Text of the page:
Covered Calls Primer: Part 1
The prolonged stretch of ultra-low interest rates well into its seventh year has sent investors scurrying about to locate yield anywhere they can find it. Most have gravitated toward the higher yielding ETFs, which is fine. They have certainly held their own.
But the more experienced ones, or at least more courageous, have found another source of income generation: options, specifically selling covered calls.
Their appeal is very evident when we consider the percentage returns that can be booked within a very short period of time. Through covered calls you can collect as much as 10% or more on your investment within a single month.
But that’s only when they win. When we look at these investment strategies a little more closely we find that while their winning amounts are high, their winning frequency is low. Let’s first look at what a covered call spread is, and some key factors to consider when putting one together.
A “covered call” is comprised of two simple positions. First, you have a long position in a stock or ETF, where you own at least 100 shares. Second, you short-sell a call option on that stock or ETF. Your short call is “covered” by your long shares, so that there is no risk of loosing money if the stock surges upward, since the loss incurred by your short call would be “covered” by the profit in your long shares.
To ensure proper coverage, however, you must have at least 100 long shares for each 1 short call option, since options represent 100 shares of the underlying stock. If you have less than 100 shares, say 99 shares, you’re not going to be losing all that much even in a runaway market. But you still want all 100 shares of stock for each short call you sell in order to cut your margin requirement.
Short call options incur a hefty margin allocation if you have less than 100 shares per option, even if you have 99. Whereas if you have 100 long shares, the margin for your short call is completely eliminated, tying up less of your money in the position. Tying up less money is important since the amount of money tied up by the trade affects your rate of return.
Consider the Stock’s Volatility
Speaking of your rate of return, the amount of premium you collect from your short call will vary greatly from stock to stock. The greater the volatility of the stock, the greater the premium you will collect from the short call. Hence, the best stocks on which to structure covered calls would be highly volatile stocks in order to collect the most premium that you can, right?
Not necessarily, since volatility cuts both ways. Remember that while your short call is covered by your long shares going up, you now have long shares which are not covered by anything going down. If the market rises, your long shares will offset the loss incurred by your short call. But if the market falls, there is nothing to offset the loss incurred by your long shares, since short calls cannot reward you with more money than the premium you collected when you sold them.
So while volatility allows you to collect more premium from your short call, it also exposes you to greater loss on the downside via your long shares.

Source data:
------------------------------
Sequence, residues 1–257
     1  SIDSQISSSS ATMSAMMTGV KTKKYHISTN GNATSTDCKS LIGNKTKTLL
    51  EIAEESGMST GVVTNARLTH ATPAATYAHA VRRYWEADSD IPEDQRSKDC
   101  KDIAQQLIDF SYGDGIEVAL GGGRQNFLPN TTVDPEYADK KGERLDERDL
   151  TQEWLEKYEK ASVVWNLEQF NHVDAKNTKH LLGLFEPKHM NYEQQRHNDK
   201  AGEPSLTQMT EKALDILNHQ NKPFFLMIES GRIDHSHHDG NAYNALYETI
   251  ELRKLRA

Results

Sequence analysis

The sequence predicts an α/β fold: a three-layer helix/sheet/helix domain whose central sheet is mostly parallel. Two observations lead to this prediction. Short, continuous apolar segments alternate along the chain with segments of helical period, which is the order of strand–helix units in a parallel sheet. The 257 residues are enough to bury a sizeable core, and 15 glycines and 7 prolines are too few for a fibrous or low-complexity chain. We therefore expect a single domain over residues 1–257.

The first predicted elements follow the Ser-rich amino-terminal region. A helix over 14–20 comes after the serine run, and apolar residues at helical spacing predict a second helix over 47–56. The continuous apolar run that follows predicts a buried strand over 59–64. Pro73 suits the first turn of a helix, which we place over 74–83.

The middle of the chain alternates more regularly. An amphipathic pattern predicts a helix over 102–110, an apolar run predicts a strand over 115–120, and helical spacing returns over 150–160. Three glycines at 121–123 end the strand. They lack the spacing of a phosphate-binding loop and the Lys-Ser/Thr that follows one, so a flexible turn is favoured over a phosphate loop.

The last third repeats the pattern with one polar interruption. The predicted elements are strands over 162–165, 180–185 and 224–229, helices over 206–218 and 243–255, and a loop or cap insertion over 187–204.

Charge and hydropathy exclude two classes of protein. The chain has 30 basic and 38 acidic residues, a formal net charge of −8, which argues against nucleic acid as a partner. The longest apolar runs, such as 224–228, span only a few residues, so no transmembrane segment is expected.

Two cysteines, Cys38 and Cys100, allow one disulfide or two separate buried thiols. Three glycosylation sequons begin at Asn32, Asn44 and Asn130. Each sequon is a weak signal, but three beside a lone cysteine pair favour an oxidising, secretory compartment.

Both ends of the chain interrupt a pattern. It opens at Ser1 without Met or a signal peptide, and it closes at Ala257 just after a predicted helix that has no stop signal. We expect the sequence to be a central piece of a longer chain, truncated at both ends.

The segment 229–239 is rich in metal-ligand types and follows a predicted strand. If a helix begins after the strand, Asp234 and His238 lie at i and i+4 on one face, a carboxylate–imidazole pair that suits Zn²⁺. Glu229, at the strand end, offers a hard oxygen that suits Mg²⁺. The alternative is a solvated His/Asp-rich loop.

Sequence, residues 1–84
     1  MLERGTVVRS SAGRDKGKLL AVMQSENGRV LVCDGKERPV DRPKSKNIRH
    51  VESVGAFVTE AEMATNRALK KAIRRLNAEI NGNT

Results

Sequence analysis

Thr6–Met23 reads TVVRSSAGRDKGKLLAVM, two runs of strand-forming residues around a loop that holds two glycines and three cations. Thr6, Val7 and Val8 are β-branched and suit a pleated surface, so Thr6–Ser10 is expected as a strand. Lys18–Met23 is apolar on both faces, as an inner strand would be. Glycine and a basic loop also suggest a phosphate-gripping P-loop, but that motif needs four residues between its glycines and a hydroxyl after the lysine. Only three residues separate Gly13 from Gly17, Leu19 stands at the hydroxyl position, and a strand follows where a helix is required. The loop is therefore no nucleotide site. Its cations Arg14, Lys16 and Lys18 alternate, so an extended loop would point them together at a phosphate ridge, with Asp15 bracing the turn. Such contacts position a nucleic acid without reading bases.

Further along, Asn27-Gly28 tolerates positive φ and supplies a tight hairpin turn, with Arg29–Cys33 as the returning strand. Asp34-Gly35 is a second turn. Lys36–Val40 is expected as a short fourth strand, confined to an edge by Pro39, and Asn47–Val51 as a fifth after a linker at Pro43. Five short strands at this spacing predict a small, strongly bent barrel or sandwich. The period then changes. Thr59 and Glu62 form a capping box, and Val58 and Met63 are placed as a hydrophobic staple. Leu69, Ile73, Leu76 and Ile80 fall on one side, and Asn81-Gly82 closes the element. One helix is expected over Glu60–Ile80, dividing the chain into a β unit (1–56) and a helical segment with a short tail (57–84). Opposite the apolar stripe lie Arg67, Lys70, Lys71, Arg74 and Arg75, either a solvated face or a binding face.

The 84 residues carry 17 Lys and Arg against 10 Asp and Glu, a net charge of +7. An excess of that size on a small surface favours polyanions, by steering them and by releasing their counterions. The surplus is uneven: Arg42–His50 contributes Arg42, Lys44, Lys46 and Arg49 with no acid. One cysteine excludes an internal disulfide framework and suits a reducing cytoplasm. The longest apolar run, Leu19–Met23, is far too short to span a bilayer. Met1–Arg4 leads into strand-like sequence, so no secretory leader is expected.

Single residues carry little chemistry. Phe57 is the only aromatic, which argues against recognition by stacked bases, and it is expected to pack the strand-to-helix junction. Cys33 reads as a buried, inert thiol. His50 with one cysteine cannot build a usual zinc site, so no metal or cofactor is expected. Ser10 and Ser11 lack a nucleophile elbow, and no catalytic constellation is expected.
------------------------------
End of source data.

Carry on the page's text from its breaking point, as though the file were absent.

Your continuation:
Adding a Third Leg for Protection
But there is a way around this, and that is by using a little of the premium you collect from your short call to purchase a long put that is out-of-the-money. This effectively adds a third leg to your structure, where you now have 100 long shares, 1 short call, and 1 long put. Where the 100 shares cover the short call, the long put covers the 100 shares.
All you need to worry about now is the price you pay for your long put, since paying too much will drastically reduce the profit you collect from your short call, and could even render the entire spread unprofitable once you factor-in the commissions.
Choosing the Right Expiration Months
But there is a way around this too, which is by choosing different time durations for your short call and long put. And it is all centered on an option’s rate of decay.
Options decay in price faster and faster as they approach expiration. For example, an option with 12 months to expiration will decay in price very slowly, while an option with 6 months to expiration decays more quickly, while one with just 2 months remaining will decay faster still. The decay rate accelerates with each passing week, with its last week losing at the fastest speed of all. Just think of it as a comet heading toward the sun, picking up speed the closer it get to its final destination.
This scale of time decay tells us everything we need to know about where to position our short call and long put. Here’s how:
The short call position in this structure can be called your “debt instrument”, while the long put position can be called your “asset instrument”. This is so because your short call is a liability which would cost you money if you wanted to liquidate it early. Your long put, on the other hand, is an asset for which you would collect money if you dispose of it early.
Since your short call is a debt, you would want it to depreciate in value as quickly as possible, so that each passing day will lower the debt you own on that short call. Conversely, since your long put is an asset, you would want it to depreciate as slowly as possible, so that its value is eroded less with each passing day.